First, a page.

Combustible Celluloid Review - Mother, Couch (2024), Niclas Larsson, based on a novel by Jerker Virdborg, Niclas Larsson, Ewan McGregor, Rhys Ifans, Taylor Russell, Ellen Burstyn, Lara Flynn Boyle, F. Murray Abraham, Lake Bell
Combustible Celluloid
With: Ewan McGregor, Rhys Ifans, Taylor Russell, Ellen Burstyn, Lara Flynn Boyle, F. Murray Abraham, Lake Bell
Written by: Niclas Larsson, based on a novel by Jerker Virdborg
Directed by: Niclas Larsson
MPAA Rating: NR
Running Time: 96
Date: 07/05/2024

Mother, Couch (2024)

2 Stars (out of 4)

Sofa Dread

By Jeffrey M. Anderson

Starting as an absurd comedy and moving into a surreal nightmare, Niclas Larsson's unpleasant Mother, Couch is about characters that talk a lot and listen very little, leading to a confusing and frustrating experience.

David (Ewan McGregor) rushes to Oakbed's Furniture store, where he finds his mother (Ellen Burstyn) sitting on a couch and refusing to leave. His older brother Gruffudd (Rhys Ifans) and sister Linda (Lara Flynn Boyle) arrive, but no one seems to be able to do anything.

Helpful clerk Bella (Taylor Russell) offers to let David spend the night in the store, since they've got everything they need already there. David talks with Bella about how dysfunctional his family is, and hears some unpleasant truths from his mother. The next day things turn even stranger and more nightmarish for David as he tries to get his mother and himself out of there.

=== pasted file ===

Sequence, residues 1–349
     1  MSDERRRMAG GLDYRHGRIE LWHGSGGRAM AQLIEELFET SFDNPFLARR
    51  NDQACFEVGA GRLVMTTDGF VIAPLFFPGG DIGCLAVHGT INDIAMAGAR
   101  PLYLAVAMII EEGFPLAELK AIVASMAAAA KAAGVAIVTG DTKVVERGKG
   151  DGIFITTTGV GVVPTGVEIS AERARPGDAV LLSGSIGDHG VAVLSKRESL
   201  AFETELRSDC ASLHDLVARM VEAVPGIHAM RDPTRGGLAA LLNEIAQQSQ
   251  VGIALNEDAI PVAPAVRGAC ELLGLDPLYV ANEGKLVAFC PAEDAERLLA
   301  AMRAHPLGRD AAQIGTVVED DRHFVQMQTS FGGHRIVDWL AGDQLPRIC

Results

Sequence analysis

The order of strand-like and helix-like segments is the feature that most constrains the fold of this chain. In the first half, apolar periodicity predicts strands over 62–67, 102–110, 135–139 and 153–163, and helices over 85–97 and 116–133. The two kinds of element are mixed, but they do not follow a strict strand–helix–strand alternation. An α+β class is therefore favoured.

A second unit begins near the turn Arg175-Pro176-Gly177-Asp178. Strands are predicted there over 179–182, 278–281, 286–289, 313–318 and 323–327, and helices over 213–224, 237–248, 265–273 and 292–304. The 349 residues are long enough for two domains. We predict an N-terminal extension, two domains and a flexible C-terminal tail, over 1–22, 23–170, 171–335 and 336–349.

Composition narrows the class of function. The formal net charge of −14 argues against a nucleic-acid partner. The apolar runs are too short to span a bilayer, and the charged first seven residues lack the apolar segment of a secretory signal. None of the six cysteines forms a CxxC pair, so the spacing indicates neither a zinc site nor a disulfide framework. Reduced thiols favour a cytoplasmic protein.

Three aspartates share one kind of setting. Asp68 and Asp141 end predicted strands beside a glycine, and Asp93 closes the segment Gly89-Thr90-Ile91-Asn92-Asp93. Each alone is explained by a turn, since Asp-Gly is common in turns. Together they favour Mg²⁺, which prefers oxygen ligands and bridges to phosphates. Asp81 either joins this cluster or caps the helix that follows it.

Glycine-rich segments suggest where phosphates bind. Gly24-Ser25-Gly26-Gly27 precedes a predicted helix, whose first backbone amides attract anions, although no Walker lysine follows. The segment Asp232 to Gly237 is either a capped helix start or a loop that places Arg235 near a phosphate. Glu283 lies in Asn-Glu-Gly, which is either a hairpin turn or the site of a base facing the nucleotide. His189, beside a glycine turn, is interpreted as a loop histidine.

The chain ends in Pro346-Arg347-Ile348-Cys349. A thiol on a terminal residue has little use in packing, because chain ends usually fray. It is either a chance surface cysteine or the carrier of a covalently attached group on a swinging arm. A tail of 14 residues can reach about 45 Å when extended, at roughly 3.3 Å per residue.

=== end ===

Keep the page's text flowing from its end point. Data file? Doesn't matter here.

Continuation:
It's possible to make an entertaining, squirm-inducing comedy about every conceivable thing going wrong for a character in the most horrific way possible (Martin Scorsese's After Hours for one), but Mother, Couch is not that kind of movie.

Given that it's based on a 2020 Swedish novel, perhaps something got lost in translation. The David character seems somewhat frantic about his mother's weird conundrum, but when he speaks to his wife (Lake Bell) about it, he sounds as if absolutely nothing is going on. Characters seem to bond in one scene, and then are at each other's throats the next, with no rhyme or reason. The family history, as it's explained to us, makes very little sense as well.

Swedish-born writer/director Niclas Larsson creates an affecting, unsettling atmosphere here, with an even more unsettling sound design. He also gets fine performances from his great cast; F. Murray Abraham gets to push the envelope playing the owners of the furniture store, a set of squabbling twins. But it's ultimately unclear what's really going on.

Mother, Couch seems to celebrate family in some scenes, and points an accusing finger at it in other scenes, and we're left without even so much as an indentation.

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